I never keep up or on top if it for very long. And I’m a financial blogger and nerd about this stuff.

Spreadsheet, Graph, Chart, Report, Theme

If I can’t do it, how can I expect you to. Monthly budgets are useless because it’s so easy to underestimate our monthly expenses.

There are some you pay for every month, such as housing, transportation, utilities, food, and debt payments.

Then there are things you pay for less often like car repairs, home improvements, trips and vacations, holiday gifts, and insurance payments. For you, these less predictable expenses may only be 10 percent or so of your total spending. But for me they’ve crept up to more like 30 percent.

And here’s what this means. Accounting for, and “pre-spending,” every dollar you make can be a financial mistake.

If you take your annual take-home pay, divide it by 12, and proceed to spend that amount every month, you’re going to be in trouble when that unexpected expensive repair comes up, or any of lifes financial curveballs comes your way.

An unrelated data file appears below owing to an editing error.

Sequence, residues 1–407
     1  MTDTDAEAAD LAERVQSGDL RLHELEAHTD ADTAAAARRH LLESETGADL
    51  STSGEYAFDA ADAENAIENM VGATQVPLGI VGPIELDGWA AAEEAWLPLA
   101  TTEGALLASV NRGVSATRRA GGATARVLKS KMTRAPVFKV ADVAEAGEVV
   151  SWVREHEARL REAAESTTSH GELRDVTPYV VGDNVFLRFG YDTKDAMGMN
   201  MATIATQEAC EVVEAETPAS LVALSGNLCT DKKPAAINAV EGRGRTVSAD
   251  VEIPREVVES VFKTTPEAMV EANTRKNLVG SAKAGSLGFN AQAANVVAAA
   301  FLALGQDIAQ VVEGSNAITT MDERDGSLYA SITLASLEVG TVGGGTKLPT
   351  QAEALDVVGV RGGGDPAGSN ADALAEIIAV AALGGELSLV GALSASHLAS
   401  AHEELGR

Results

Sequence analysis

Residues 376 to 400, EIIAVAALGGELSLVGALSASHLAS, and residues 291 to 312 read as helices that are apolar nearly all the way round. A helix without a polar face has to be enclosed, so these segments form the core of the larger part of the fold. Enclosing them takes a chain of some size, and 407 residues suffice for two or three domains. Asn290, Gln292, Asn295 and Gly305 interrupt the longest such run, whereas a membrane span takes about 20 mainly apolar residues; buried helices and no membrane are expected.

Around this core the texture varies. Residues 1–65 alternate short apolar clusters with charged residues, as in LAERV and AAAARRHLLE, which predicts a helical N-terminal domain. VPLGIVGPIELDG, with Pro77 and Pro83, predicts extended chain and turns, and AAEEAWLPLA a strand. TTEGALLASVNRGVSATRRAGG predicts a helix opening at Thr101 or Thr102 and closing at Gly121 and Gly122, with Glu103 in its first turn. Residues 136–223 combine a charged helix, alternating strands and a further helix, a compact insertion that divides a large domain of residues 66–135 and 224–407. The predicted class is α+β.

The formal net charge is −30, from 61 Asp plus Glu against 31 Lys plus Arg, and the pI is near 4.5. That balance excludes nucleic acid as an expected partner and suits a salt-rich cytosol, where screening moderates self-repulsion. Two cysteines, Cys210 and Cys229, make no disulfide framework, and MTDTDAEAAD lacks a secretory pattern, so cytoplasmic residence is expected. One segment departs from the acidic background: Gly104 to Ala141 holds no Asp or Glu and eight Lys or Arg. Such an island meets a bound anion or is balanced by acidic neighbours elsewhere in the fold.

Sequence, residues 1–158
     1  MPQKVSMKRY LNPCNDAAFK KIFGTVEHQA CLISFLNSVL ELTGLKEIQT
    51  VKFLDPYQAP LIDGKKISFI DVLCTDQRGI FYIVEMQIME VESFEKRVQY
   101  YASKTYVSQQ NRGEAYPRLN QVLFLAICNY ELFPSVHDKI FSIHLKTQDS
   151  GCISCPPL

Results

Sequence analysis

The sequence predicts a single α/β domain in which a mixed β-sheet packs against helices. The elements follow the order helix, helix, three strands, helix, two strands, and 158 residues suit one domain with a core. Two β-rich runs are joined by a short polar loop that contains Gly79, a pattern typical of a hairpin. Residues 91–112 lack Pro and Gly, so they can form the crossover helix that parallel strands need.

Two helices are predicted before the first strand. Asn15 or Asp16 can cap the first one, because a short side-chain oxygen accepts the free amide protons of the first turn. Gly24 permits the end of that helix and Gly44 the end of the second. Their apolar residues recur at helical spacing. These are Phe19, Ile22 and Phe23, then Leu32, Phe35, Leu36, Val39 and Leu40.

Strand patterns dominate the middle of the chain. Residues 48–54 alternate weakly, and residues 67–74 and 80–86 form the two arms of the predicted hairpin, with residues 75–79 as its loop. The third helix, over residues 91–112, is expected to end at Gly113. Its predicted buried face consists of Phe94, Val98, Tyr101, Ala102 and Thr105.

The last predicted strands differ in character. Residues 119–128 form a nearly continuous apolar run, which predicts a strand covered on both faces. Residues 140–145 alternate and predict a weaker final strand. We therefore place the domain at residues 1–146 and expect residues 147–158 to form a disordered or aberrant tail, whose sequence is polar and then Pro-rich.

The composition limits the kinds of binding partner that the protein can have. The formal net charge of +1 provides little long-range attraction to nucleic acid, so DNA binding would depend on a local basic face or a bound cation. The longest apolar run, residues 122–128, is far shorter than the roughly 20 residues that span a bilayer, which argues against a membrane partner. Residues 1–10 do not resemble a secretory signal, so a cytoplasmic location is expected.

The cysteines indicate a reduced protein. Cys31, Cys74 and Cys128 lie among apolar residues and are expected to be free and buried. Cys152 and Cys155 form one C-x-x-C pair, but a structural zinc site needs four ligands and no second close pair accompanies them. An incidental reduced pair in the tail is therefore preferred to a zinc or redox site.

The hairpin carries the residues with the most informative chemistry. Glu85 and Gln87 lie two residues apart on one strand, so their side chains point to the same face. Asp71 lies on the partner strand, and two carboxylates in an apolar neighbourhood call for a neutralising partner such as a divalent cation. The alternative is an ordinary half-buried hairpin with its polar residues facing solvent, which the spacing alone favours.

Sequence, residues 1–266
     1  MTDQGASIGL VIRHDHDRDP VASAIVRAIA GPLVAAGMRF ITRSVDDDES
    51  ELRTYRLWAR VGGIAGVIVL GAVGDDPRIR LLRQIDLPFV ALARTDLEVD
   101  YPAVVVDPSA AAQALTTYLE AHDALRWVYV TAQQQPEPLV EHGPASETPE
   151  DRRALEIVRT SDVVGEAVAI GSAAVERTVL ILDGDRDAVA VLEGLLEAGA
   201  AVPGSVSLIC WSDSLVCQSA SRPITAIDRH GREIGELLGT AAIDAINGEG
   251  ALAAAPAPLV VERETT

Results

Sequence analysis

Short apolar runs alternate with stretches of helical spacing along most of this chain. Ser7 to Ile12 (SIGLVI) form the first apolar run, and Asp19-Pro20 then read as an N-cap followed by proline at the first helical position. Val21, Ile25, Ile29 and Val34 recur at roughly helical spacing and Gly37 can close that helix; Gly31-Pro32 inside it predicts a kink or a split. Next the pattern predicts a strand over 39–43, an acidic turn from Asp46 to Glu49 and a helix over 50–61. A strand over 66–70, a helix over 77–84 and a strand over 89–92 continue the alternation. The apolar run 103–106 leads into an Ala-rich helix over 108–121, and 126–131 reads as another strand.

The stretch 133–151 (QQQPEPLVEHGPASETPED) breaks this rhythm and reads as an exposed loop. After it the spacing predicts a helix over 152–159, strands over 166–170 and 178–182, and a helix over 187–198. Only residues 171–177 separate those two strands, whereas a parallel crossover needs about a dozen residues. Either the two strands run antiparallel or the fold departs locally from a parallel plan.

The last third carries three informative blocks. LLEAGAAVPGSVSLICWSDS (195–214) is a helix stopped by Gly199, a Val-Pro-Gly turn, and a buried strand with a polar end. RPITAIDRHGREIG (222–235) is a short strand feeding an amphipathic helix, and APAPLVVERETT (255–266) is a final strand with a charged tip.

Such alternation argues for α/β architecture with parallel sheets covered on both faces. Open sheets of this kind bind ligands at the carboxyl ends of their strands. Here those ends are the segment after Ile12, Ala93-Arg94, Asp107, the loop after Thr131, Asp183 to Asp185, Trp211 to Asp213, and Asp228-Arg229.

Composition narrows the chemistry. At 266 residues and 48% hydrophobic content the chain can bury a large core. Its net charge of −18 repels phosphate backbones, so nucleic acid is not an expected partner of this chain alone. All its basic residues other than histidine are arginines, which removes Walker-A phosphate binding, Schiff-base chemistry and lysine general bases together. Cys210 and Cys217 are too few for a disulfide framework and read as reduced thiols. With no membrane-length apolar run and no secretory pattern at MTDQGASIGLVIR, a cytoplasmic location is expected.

So what you need to do is stop obsessing over the detailed, track-every-penny budgets you’ve always been told were the solution and instead, you need to implement a simple spending plan that’s easy to set up and easy to follow. 

What is a simple spending plan?

A simple spending plan is an easy way to budget that helps you save money, get out of debt, pay your bills on time, and still allows you the freedom to spend money on things you value or keep you sane, within reason of course.

This website contains affiliate links and I will receive a commission at no additional cost to you. Thank you for your support!

Step 1: Track your spending automatically

Budgeting is simple: Subtract your bills from what you earn; save or spend what’s left.